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  • Chris O'Rourke

The Spider’s House

The Spider’s House. Image by Luca Truffarelli.


Humpty Dumpty

The road to hell is lined with good intentions. None more so than Arts & Disability Ireland and Project Arts Centre co-production of poet Roderick Ford’s "The Spider’s House." If the idea was to mentor an artist with a disability, Ford’s shambolic script suggests the model may need to be looked at. Ford may express an affinity with absurdism and magic realism, but "The Spider’s House" is still a lumbering mess. A story in which ghosts, hallucinations, thieving monkeys and talking wardrobes have the tortured Paulsa screaming to make it stop. A sentiment shared by many of the audience. With up to a quarter of the house, already three quarters empty, not bothering to return after the interval.

Ford evidently has a poets love of words, but not the playwrights awareness of their limitations. Or of how to craft credible dialogue, characters, or story. Never mind an incredible one. Making you wonder what dramaturg Pamela McQueen’s role was exactly. Even allowing for Ford’s theatrical inexperience in writing his made unwell play, the mistakes in evidence are harrowing. Not innovative, or pushing boundaries, or probing a simpler, more direct aesthetic. The script is simply poorly written, with clunky dialogue sounding like it’s trying to chew through lumber. Take Genevieve Hulme-Beaman’s Izzy, a pervert magnet with a damaged face hidden behind a Phantom’s half mask. Izzy really has no function other than to give Paulsa another titillating excuse to prattle on. When he’s not too busy groping, pawing, or kissing his sexually abused co-dependent. But Paulsa would screw anything, including a monkey: the tortured demons in his past, his head, his wardrobe, or his damp dilapidated room ensuring he talks endlessly, and often nonsensically. And not in a good nonsensical way. Leaving an uneven and uncharacteristically poor Lloyd Cooney trying to make some nonsense of it all. Ronan Leahy as a - answers on a postcard please - tries valiantly to turn his stone into gold; investing everything to try create some alchemy, but is still left holding a stone. By the time the two hours are over it comes as a release. Two hours too late. Subtitling it a ‘nightmare from a disordered mind’ might explain much, but it forgives it nothing.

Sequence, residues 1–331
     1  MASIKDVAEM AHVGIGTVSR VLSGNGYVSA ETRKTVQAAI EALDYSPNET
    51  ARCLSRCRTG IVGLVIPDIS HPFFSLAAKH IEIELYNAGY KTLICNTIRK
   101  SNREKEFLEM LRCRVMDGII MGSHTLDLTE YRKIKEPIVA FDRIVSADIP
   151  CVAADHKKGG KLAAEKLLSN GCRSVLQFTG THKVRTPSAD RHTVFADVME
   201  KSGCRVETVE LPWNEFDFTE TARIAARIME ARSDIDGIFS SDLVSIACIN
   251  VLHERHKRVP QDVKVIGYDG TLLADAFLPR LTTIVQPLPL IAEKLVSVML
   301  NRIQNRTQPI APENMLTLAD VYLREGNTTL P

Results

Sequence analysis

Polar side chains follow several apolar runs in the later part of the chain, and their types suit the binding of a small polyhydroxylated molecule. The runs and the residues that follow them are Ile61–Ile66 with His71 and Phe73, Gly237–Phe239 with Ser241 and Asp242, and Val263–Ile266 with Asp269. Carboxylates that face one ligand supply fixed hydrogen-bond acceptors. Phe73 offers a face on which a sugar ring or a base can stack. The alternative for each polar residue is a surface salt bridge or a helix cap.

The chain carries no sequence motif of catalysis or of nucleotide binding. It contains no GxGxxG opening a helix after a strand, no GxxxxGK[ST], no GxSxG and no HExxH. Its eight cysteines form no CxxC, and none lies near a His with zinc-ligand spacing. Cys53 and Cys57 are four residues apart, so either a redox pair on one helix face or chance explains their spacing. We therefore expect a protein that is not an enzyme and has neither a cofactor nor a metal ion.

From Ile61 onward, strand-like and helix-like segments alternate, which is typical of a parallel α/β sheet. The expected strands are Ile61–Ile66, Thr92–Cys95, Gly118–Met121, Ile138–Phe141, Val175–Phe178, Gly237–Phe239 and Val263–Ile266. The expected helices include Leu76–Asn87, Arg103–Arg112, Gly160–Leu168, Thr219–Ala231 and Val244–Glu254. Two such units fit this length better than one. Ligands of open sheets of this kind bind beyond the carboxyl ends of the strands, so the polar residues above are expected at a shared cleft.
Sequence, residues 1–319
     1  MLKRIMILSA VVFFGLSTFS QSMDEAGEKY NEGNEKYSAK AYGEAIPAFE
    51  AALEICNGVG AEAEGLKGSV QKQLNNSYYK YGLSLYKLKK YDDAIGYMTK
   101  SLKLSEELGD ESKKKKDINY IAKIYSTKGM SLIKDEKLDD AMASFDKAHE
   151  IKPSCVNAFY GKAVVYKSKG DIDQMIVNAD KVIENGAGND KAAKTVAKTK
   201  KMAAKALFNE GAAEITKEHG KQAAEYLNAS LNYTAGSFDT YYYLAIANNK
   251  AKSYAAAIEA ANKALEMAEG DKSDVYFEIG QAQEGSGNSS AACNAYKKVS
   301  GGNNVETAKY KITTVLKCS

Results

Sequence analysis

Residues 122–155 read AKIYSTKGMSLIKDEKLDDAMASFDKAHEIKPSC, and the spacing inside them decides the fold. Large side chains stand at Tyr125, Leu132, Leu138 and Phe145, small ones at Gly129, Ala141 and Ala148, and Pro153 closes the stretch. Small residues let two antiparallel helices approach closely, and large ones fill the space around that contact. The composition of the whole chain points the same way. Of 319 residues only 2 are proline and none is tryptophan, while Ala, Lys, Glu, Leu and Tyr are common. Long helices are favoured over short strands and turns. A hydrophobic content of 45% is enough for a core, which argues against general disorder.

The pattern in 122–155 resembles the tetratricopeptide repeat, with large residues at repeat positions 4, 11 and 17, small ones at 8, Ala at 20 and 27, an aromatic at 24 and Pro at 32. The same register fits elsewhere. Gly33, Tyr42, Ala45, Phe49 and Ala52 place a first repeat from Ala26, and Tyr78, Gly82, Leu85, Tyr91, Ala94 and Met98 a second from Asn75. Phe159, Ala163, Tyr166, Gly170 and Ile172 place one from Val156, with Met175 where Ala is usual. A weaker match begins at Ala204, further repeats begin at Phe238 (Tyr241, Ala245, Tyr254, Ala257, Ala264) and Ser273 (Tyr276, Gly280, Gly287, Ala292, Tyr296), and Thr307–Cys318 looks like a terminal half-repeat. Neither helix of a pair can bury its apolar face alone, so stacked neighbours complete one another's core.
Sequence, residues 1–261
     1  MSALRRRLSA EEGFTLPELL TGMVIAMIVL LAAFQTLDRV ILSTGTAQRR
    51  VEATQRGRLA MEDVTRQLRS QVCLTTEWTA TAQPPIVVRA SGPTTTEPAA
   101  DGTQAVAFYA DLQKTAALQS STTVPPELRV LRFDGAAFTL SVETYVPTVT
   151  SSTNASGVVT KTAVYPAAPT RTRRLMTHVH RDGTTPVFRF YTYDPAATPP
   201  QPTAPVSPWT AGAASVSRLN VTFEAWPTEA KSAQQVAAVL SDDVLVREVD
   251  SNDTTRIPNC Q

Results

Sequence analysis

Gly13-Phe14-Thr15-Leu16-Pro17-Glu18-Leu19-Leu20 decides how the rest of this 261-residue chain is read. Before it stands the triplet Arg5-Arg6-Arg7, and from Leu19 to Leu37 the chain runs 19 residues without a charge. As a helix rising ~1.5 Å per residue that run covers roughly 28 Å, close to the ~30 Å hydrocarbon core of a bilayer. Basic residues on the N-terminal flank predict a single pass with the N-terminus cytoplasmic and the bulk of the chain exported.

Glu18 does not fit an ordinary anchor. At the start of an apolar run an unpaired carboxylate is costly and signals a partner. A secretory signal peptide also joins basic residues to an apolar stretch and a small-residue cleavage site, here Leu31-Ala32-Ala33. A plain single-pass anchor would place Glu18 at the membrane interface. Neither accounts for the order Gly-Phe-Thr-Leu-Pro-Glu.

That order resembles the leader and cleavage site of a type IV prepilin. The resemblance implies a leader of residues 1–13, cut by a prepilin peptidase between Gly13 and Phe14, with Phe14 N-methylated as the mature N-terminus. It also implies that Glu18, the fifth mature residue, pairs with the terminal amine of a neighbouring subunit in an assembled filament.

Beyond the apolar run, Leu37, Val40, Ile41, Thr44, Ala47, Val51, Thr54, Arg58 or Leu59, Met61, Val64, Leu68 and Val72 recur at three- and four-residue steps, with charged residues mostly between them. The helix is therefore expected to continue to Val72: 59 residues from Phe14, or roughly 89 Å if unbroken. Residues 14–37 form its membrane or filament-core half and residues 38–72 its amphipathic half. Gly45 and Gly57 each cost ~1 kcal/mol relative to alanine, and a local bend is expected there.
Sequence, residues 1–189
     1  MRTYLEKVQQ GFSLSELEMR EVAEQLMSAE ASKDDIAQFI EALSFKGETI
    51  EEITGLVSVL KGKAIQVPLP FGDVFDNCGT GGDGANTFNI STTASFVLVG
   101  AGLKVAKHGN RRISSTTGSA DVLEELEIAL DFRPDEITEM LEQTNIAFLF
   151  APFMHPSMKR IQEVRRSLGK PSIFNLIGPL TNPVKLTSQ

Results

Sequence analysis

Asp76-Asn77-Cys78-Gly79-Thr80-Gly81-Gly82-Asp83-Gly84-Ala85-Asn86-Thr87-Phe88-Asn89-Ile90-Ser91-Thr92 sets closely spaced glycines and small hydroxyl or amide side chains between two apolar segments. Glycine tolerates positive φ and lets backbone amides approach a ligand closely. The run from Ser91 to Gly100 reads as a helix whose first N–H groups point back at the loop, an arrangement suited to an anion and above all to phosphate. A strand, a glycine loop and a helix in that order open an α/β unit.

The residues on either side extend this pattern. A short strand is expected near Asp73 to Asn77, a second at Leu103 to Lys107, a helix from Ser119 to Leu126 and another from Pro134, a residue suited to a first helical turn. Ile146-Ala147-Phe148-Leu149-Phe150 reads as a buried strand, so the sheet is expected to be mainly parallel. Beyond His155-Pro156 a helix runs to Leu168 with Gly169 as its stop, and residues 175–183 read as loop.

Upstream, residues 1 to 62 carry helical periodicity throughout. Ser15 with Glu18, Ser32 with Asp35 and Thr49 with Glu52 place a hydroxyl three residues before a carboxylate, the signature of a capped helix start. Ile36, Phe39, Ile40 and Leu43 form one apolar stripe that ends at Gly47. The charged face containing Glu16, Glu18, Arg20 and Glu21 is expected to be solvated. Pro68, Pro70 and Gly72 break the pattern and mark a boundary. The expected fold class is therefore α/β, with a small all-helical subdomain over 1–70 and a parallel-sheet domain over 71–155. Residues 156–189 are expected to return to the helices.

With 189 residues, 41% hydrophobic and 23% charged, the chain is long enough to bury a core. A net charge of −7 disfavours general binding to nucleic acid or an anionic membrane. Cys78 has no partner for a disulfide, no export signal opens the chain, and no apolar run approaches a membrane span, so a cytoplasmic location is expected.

That Ford suffers from Asperger’s in not sufficient reason to excuse "The Spider’s House" for being as poorly put together as it is. For there’s moments of genuine promise here that are never realised for Ford being allowed free rein. A task Maisie Lee’s direction falls considerably short of managing. Leaving an experienced cast floundering despite the occasional impressive visual. For the only artist Ford allows onstage is Ford, and his inexperience shows. Allowing the script to meander into cul-de-sacs to die there. Slowly. And painfully. Despite an ambitious rally at the end. And despite the talented support surrounding him. Not even Genevieve Hulme-Beaman, Rohan Leahy and Lloyd Cooney can save this torturous two hours looking like twelve. Like Deirdre Dwyer’s well crafted set, Carl Kennedy’s creepy sound design and Stephen Dodd’s excellent lights, it all speaks to a waste of exceptional talent. For all the King's horses couldn't save this Humpty Dumpty. And if you argue it's all about process rather than product, the product suggests the process is in need of some very serious tinkering with.

There’s an argument to be made for going easy here. But at least two reasons militate against that. Firstly, money and resources have been clearly invested, along with some recognised and respected talent. In the current cutback climate, "The Spider’s House" isn’t good enough given the level of investment. Secondly, as shows like What I (Don’t) Know About Autism have shown, people with disabilities can produce truly impressive work, especially with the right support. If "The Spider’s House" shows promise in a David Lynch kind of way, it never fulfils it for suffering from too many fundamental problems. Not innovations, not simplifications, just basic errors that should have been addressed. Somebody seriously dropped the ball here. And keeping silent only creates an elephant in the room and no one — not Ford, not the producers, not the audience, not the cast and creatives, and most certainly not artists with disabilities — benefits. If anything, silence will likely reinforce prejudice against artists with disabilities. Because people talk, and many talked with their feet. In fairness to Ford, he should have been challenged more. And someone should have told him his script wasn’t ready yet.

"The Spider’s House" by Roderick Ford, presented by Arts & Disability Ireland and Project Arts Centre, runs at Project Arts Centre until March 7.

For more information, visit Project Arts Centre.

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